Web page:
Hillandale did not in any of its briefing, including in its Appellant’s Brief, raise any concern or note any pending contest regarding the validity or certification of the 11/2/04 election results.  The Rezoning Ordinances that Hillandale falsely


 

credits itself for having ushered to the November 2004 ballot did indeed get on the ballot, were in fact voted, and that election result was certified without contest.  Appellees have also found no case supporting Hillandale’s contention that it has a legitimate interest (for intervention purposes) in forever preserving the defeat of the two Rezoning Ordinances subjected to referendum at the 11/2/04 election.  To be sure, the cases Hillandale cites for support of that contention are inapposite.  (See Appellant’s Br., p. 17.) 

          In State ex rel. Comm. For the Referendum of Ordinance No. 77-101 v. Lorain Cty. Bd. of Elections, 774 N.E.2d 239 (2002), the Supreme Court of Ohio denied a writ of mandamus to compel reversal of the board of election’s post-election order decertifying the referendum issue for the ballot, based upon false representations made in the circulator’s petition.  Id. at ¶ 51.  It was indeed a case in which intervention was allowed post-election, but it concerned itself with intervenor-circulators’ interest in determining whether a referendum issue had properly gotten to the ballot, not with some interest in preserving the outcome of that election.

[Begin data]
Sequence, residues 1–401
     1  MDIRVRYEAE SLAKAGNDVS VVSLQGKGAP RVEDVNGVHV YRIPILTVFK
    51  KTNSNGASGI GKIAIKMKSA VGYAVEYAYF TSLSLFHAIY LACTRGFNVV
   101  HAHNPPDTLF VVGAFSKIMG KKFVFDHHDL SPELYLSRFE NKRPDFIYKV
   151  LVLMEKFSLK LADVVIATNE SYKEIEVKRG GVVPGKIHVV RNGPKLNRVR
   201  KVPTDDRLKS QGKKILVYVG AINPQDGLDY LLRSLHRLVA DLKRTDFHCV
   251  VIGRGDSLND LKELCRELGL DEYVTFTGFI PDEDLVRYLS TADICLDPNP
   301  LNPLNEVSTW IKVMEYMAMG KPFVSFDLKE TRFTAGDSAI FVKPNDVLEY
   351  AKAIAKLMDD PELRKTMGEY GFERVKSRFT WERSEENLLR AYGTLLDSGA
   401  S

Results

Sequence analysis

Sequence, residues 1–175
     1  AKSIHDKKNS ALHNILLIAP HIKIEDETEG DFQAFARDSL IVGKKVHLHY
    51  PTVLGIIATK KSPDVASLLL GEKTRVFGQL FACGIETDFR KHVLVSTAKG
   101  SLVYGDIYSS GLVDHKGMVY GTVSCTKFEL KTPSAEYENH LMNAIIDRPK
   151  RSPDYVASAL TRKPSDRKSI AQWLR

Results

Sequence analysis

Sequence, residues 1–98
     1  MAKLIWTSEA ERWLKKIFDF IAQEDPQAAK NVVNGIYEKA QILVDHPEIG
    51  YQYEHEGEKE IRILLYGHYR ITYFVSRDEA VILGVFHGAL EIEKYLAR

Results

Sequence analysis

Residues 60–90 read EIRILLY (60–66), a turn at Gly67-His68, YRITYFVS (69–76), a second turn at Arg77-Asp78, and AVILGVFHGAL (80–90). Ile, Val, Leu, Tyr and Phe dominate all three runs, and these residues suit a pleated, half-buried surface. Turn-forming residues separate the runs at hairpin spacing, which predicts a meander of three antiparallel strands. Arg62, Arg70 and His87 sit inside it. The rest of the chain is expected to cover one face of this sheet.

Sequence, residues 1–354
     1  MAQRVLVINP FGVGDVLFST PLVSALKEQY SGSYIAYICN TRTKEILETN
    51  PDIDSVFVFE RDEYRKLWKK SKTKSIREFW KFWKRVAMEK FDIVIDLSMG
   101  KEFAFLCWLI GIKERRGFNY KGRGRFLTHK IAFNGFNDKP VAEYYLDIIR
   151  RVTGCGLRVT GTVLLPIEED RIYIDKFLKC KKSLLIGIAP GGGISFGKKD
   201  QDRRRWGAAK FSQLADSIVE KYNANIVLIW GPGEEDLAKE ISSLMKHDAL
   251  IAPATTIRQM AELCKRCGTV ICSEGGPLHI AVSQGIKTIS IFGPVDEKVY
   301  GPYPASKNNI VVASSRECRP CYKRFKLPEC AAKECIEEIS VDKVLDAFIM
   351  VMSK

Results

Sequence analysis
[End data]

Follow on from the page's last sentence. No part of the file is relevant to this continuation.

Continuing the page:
Whatever proposition State ex rel. Comm. For the Referendum of Ordinance No. 77-101 v. Lorain Cty. Bd. of Elections does stand for, it does not substantiate or validate Hillandale’s supposed “significantly protectable interest” in preventing all subsequent activities affecting the election result.  Likewise, the decision in State ex rel. Ryant Comm. v. Lorain Cty. Bd. of Elections, 712 N.E.2d 696 (1999) neither articulated nor validated an intervenor’s supposed “significantly protectable interest” in preventing all subsequent activities affecting the election result.  (Appellant’s Br., p. 17.)  It too dealt with infirmities in the petitions relative to a referendum issue dealing with the rezoning of property, and whether those petitions had been properly executed.  Because of errors committed and inexcusable delays in registering objections to the petitions, the relator’s petition for writ of prohibition to prevent the special election therein was denied.  State ex rel. Ryant at 113-14.  The referendum procedure is not at issue here; the election has occurred and the results have been certified.

          The decision in State ex rel. Super America Group v. Licking Cty. Bd. of Elections, 685 N.E.2d 507 (1997) also addressed the procedural question of whether a particular ballot issue gets to the ballot, and the voter-intervenors’ interest in insuring that it does.  Like Hillandale’s other cited cases, Super America Group had nothing to do with supposed interests in protecting election outcomes.  The cluster of cases packed into Hillandale’s Brief at pp. 17-18 fail to support Hillandale’s hypothetical “interest” in preventing the City from considering its residents’ interests when resolving litigated claims.